Warshack Test Administrator - One of the keys to being a successful PML is having the ability to make signs that represent the words that need to be sung. This is a particularly important skill since most kids in the United States between the ages of 3-12 cannot read anything beyond the controls of their iPods. I am always sitting behind the PML and cannot see the pictures that get held up to prompt the kids, but it has to be hard drawing images that represents song lyrics like, "...down in the River Jordan....." How do you draw that? Here is what I would be holding up:
Okay, the kids today might not get the River Phoenix reference, but it goes to show how much creativity the PML's must have to come up with enough of these things to last an entire 45-minute program.

So, for all of you Primary Music Leaders out there, thank you! Thank you for the energy. Thank you for the creativity. Thank you for the patience. Thank you for inviting the Spirit. Thank you for drilling uplifting songs into our heads. Thank you for teaching my kids. Thank you for surviving one difficult Sunday every October or November. Thank you for magnifying your callings.

You are all an inspiration to me.



mama cow said...

My idea of the multi lingual interpreter includes the fact that I have yet to understand anyone elses kids when they get up to give their part and the only reason why I know what MY kid is saying is because we went over it a zillion times in an attempt to memorize her part. Yeah I am one of those moms in the back proudly mouthing the words along with my daughter. Ahhh Mormon stage moms. Oh and you also forgot the animal wrangler the Primary Program Sunday is the ONLY Sunday that my child sits still by herself with no crayons coloring books or snacks and she is up front in the choir seats with five other five year olds and only one adult.

6:58 AM

Everyone who works in Primary has to have those qualities!!! :) I am currently the Primary Pres and I have such love and admiration for my counselors, PML, and teachers. They are all so fabulous! Other qualities that Primary leaders have... (taken from our Stake Auxillary Training last April)
P -pretty -inside and out
R - righteous
I - inspired
M - musical -doesn't matter if you have a great singing voice or not you just have to have fun! :)
A- awesome!
R - rememberer's -of what it was like to be a kid in Primary
Y - young at heart

I loved that! And remember it often when I am struggling in my calling! :)

Thanks for calling attention to PML's everywhere! :)

7:15 AM
Anonymous said...

Insightful post, but as Bishop you should know one thing. Primary music leaders do it not once a week but twice a week for 48 weeks because there's (hopefully) Junior and Senior Primary. And she usually can't do it exactly the same since 11 year old's don't like to sing "Hinges" or "Do As I'm doing" the same way that 3 year old's do.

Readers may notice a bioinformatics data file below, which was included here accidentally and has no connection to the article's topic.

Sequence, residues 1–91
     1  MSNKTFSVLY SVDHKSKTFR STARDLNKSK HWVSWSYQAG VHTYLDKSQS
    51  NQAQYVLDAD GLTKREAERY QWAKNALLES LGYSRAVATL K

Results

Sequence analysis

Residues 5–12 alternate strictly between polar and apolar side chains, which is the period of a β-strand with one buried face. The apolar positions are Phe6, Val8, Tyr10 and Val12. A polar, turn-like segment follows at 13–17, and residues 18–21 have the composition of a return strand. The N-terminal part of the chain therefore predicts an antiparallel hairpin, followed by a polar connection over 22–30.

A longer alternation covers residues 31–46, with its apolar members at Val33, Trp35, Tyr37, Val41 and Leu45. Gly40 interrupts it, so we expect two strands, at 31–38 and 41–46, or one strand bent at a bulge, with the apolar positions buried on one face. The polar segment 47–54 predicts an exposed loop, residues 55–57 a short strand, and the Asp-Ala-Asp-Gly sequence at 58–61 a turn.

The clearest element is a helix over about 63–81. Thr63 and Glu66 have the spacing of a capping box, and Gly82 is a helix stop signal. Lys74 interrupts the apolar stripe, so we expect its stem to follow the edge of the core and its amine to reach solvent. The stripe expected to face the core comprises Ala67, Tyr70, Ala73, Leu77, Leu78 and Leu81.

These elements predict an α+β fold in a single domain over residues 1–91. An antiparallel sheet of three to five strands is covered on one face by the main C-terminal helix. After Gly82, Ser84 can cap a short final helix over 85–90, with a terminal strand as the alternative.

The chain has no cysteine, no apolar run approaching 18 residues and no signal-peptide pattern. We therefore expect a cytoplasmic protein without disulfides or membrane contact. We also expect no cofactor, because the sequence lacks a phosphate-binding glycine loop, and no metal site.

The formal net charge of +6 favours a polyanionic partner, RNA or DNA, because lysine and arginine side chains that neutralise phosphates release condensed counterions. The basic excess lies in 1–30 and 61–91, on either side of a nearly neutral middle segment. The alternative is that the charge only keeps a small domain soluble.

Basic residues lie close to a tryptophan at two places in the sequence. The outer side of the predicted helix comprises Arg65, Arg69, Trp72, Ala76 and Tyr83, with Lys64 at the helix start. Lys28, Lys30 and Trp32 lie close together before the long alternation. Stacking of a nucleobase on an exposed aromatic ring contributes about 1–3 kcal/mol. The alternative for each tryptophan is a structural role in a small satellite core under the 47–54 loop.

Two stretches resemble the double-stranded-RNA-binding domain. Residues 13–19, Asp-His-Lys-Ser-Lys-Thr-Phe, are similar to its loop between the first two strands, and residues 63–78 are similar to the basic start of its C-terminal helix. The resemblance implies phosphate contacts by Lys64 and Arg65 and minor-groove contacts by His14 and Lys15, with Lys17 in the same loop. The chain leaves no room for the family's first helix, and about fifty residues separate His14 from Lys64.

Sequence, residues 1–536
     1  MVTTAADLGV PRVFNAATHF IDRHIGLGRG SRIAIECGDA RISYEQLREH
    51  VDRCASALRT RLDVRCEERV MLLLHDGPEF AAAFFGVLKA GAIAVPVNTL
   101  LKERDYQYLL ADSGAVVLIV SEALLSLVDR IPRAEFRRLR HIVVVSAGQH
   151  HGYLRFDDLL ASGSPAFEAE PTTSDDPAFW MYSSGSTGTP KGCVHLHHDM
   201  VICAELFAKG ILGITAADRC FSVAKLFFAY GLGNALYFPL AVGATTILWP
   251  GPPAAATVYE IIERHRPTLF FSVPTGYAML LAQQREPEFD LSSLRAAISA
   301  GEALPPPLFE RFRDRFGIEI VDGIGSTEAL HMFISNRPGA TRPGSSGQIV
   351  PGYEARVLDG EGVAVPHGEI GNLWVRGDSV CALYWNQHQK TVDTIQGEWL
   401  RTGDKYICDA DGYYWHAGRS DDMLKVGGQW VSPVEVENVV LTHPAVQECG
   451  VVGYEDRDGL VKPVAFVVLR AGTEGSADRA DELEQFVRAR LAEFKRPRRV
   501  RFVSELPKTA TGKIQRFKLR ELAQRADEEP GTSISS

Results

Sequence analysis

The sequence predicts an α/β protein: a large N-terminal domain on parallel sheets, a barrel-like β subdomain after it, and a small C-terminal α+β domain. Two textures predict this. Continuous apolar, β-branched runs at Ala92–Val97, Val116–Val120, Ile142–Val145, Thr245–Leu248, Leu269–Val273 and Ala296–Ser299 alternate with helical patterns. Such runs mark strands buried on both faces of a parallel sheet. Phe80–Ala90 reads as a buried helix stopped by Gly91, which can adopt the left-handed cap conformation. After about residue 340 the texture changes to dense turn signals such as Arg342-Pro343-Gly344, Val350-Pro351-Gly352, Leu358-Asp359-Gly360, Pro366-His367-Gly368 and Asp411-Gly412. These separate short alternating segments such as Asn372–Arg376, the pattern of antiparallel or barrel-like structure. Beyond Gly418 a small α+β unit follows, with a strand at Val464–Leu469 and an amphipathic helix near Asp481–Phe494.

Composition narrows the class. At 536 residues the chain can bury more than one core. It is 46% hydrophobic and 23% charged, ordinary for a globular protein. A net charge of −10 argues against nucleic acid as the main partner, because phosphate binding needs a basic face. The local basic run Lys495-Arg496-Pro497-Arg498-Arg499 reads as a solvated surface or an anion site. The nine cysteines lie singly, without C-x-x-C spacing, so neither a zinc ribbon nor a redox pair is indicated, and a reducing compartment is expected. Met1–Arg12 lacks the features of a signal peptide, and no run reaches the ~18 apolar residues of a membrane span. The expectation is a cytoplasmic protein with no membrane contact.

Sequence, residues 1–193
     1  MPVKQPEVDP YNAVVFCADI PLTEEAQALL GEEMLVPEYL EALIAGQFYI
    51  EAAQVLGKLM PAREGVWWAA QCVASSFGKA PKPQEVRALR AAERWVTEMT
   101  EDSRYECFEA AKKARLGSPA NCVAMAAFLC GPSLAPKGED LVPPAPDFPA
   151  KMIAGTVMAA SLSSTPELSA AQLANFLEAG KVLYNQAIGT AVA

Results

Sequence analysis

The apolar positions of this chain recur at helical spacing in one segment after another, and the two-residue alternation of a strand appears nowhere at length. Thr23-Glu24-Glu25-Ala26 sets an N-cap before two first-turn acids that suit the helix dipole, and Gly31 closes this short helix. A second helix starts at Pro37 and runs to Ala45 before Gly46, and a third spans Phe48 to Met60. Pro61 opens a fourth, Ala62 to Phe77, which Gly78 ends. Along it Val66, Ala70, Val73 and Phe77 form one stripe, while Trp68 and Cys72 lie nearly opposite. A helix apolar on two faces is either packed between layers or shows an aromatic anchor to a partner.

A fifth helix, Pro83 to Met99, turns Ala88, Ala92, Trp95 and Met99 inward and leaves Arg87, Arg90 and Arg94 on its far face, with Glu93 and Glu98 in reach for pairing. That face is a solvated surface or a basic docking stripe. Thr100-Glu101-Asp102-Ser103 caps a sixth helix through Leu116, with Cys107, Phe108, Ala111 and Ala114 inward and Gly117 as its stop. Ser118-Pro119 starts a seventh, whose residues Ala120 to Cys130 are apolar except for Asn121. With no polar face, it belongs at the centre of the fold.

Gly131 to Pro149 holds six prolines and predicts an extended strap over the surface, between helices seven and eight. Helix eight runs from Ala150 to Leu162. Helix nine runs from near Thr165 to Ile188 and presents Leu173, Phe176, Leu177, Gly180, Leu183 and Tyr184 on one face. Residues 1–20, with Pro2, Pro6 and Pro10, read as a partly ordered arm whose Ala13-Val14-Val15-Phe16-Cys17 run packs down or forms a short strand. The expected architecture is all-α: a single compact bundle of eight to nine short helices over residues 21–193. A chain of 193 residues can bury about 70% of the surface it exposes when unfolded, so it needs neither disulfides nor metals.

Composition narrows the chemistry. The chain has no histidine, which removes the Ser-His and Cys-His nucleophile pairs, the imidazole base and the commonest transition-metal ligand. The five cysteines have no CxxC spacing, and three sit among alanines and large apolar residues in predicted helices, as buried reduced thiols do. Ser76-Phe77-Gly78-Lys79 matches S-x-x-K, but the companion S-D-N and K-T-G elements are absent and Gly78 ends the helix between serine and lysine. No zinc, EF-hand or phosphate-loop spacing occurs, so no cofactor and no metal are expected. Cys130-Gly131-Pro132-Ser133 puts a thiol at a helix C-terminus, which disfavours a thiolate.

Of all the church auxiliaries I think that primary is the only one where it will take you out out of both Sunday School and Relief Society / Priesthood lessons.

7:37 AM
Sandy said...

Does that mean that you got to sit next to your wife TWICE in Sacrament Meeting in one month?:) I have to admit that although I told my daughters what a great job they did singing in their program...secretly I was most happy about the fact that my husband could come down off the stand and take over nursery-aged-son duty. He's been really, really nice to me ever since:)

I agree, though- Primary music leaders rock. I had to teach singing time a couple times over the past few years and I stank at it. It takes a special person to a.)put up with all the kids and their various ideas of what "singing" is and b.) to get them to memorize (and perform on demand) songs that do not contain the words "poop", "booger" or "webkinz".

8:06 AM
Rachel said...

I have fond memories of the hello jello song. One side of the room sings hello and the other is supposed to echo, but we always yelled jello instead. My husband sang Mellow yellow instead.

That song was outlawed in our primary. . .

8:08 AM
Jennifer said...

Amen, Brother. Those PML are amazing people. I was going to say "amazing women," but we have had men do it in our ward as well. I love the "down the River Jordan" pictures. That is classic, truly. Yes, I did the eee-eee. Isn't that how the song goes?

8:10 AM
normal mormon wife said...

Great post! Loved the Small Wonder reference.

PML is one of my very favorite callings. There aren't many others that encourage you to be silly for two hours at church. Sweet.

Sandy--I only got to sit by him for one of the two Sundays. He had to stay up on the stand for the program in our ward.